Tackling antisemitism requires abolishing the political structures that produce it
In biblical Jewish culture, at Yom Kippur (the Day of Atonement), the sins of the community were placed on a goat. This goat, the scapegoat, was then cast out, left to wander in the desert and eventually die of thirst or exhaustion. Through that ritual, the sins of the people would be expunged. This is not done today. Instead, on Yom Kippur we come together as a community and say Al Chet (Our Sins), a collective confession, taking communal responsibility for each of our wrongdoing, and promising to do better next year.
When we talk about antisemitism, we often describe it through biological metaphors. We claim that antisemitism is a cancer than needs to be cut out of our society. We ask that our institutions expunge the poison that is antisemitism. This language feeds the comforting illusion that antisemitism is an external force invading the fundamentally antiracist body. Antisemitism can be solved if only the ‘real’ racists are expelled from political life.
Antisemitism should not be viewed as an internal invading force but instead as a fundamental feature of our society. It is structural. Antisemitism is an integral part of the politics of colonial and post-colonial societies, which are built on the foundation of white supremacy. As April Rosenblum wrote ‘antisemitism is a system of ideas passed through a society’s institutions’. Antisemitism disguises or explains the failures of white supremacy. It plays this role for those on the right, who explain their failures as the result of the machinations of sinister ‘globalists’, or ‘Cultural Marxists’, rather than as a result of a system with unfairness at it heart. For the left, antisemitism distracts from the fundamental and obvious truth that capitalists are responsible for the violence of capitalism and white supremacists are responsible for the violence of white supremacy.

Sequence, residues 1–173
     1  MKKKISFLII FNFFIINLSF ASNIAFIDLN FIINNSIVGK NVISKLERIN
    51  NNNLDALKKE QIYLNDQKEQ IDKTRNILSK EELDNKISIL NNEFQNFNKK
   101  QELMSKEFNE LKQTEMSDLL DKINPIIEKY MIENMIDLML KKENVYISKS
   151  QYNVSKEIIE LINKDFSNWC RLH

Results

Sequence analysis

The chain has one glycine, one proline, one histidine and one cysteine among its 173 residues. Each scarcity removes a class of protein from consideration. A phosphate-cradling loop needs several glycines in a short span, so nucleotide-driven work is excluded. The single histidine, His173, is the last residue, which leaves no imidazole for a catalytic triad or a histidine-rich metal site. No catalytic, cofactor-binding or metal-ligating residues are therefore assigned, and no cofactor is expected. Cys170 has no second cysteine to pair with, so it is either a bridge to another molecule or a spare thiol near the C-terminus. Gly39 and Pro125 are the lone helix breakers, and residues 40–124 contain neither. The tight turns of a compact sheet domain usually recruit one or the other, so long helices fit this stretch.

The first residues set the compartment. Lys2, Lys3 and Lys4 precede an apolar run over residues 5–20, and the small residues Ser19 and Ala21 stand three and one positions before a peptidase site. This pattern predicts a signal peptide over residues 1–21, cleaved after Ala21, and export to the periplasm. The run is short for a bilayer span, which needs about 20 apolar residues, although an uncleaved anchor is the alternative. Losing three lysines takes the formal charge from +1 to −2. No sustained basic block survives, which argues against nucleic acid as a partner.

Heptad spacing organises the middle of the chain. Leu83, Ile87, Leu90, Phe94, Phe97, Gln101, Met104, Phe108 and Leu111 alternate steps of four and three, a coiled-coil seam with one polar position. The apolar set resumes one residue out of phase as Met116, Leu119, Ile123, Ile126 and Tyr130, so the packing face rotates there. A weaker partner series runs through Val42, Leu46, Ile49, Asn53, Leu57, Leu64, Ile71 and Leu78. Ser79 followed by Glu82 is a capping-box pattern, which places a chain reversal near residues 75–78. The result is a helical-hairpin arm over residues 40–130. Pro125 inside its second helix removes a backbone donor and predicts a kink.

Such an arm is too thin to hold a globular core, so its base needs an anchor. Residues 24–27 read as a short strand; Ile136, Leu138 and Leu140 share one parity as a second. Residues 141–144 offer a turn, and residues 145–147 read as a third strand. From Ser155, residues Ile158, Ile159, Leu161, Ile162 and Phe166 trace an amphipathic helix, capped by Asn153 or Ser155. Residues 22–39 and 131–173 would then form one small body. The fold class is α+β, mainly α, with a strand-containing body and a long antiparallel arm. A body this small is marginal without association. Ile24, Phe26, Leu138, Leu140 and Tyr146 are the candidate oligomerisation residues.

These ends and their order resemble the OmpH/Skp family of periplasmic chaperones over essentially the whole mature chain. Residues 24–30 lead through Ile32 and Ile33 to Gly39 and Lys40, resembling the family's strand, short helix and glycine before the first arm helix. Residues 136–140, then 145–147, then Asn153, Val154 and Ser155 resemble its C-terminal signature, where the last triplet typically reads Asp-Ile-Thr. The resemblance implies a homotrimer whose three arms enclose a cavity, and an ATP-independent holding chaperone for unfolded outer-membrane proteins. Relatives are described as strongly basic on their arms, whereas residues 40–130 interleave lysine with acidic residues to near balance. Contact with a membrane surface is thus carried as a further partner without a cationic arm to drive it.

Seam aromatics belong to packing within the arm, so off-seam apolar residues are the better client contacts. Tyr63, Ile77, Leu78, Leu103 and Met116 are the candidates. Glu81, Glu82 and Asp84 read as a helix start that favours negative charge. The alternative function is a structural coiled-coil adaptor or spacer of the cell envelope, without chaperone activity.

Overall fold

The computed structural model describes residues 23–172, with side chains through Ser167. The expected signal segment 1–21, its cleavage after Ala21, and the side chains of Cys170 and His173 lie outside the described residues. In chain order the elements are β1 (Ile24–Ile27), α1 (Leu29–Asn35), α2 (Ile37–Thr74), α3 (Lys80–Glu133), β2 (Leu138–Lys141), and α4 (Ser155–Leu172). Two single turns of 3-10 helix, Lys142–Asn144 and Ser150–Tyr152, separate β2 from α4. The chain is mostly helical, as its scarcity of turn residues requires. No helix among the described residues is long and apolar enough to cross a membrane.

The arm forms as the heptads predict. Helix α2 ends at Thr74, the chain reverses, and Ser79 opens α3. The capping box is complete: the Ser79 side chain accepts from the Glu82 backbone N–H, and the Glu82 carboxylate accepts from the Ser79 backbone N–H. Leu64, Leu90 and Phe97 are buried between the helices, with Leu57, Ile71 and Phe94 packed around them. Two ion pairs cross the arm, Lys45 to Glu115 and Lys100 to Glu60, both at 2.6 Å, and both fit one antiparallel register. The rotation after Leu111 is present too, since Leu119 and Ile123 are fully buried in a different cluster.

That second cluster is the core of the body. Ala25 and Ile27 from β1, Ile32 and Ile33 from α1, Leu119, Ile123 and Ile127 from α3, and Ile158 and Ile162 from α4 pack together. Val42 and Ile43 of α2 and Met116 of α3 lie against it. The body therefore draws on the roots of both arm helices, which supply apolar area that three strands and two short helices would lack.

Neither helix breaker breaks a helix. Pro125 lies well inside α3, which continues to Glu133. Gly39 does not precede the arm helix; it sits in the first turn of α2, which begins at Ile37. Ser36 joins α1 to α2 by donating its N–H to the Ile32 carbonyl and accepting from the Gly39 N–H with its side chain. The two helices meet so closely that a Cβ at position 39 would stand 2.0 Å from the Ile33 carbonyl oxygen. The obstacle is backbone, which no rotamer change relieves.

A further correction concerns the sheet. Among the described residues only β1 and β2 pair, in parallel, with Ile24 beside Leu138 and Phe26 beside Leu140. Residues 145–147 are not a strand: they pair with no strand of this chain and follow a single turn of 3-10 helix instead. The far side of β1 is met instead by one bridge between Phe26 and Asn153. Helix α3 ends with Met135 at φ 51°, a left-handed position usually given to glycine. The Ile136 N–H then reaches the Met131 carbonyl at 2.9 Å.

The structural nature of antisemitism poses problems for the ways in which we think about antisemitism. The term ‘antisemite’ denotes two different but inter-related groups:
The first is the ‘real’ racist, an enthusiastic hater of Jews; the white supremacist, neo-Nazi or Rothschild conspiracist. The ways in which we deal with this group is caught up with popular Anglo-American cultural ideas around Nazism, in which Nazis are allegorized as a monstrous evil. Nazis are depicted as zombies in the Call of Duty franchise, they are a creature with a bright red head in the Marvel franchise, they are a semi-immortal dark wizard in Harry Potter, and an army of faceless clones in Star Wars. In each of these they are framed as a monstrous evil, but abstracted from the society or ideology which they draw their ideas from. We expect antisemites to look like these monsters. The use of the figure of the Nazi as an abstract signifier of monstrous evil, means that for many people the only people that will fit the criteria to be a ‘real’ antisemite are those that are so obviously and fantastically monstrous that they would fit these comic book style depictions. Those that can mask their racism are protected.
The second, far larger group of antisemites, are those who subscribe to antisemitic ideas they have adopted from a deeply structurally racist society. According to 2017 research by the Institute for Jewish Policy Research, as much as 15% of the population have at least one antisemitic attitude. They are probably more who have these attitudes, but would not admit this to a researcher. This group are often not people ideologically committed to hatred of Jews. They will often claim to be antiracists, or friends of the Jewish community, but still understand the world through antisemitic ideas. This group of structural antisemites scares me more. They have the power to legitimise antisemitic regimes around the world, such as in Hungary, Poland or the US. They have the power to legitimise antisemitic ideas in the UK. They could seriously hamper antiracist responses against antisemitism.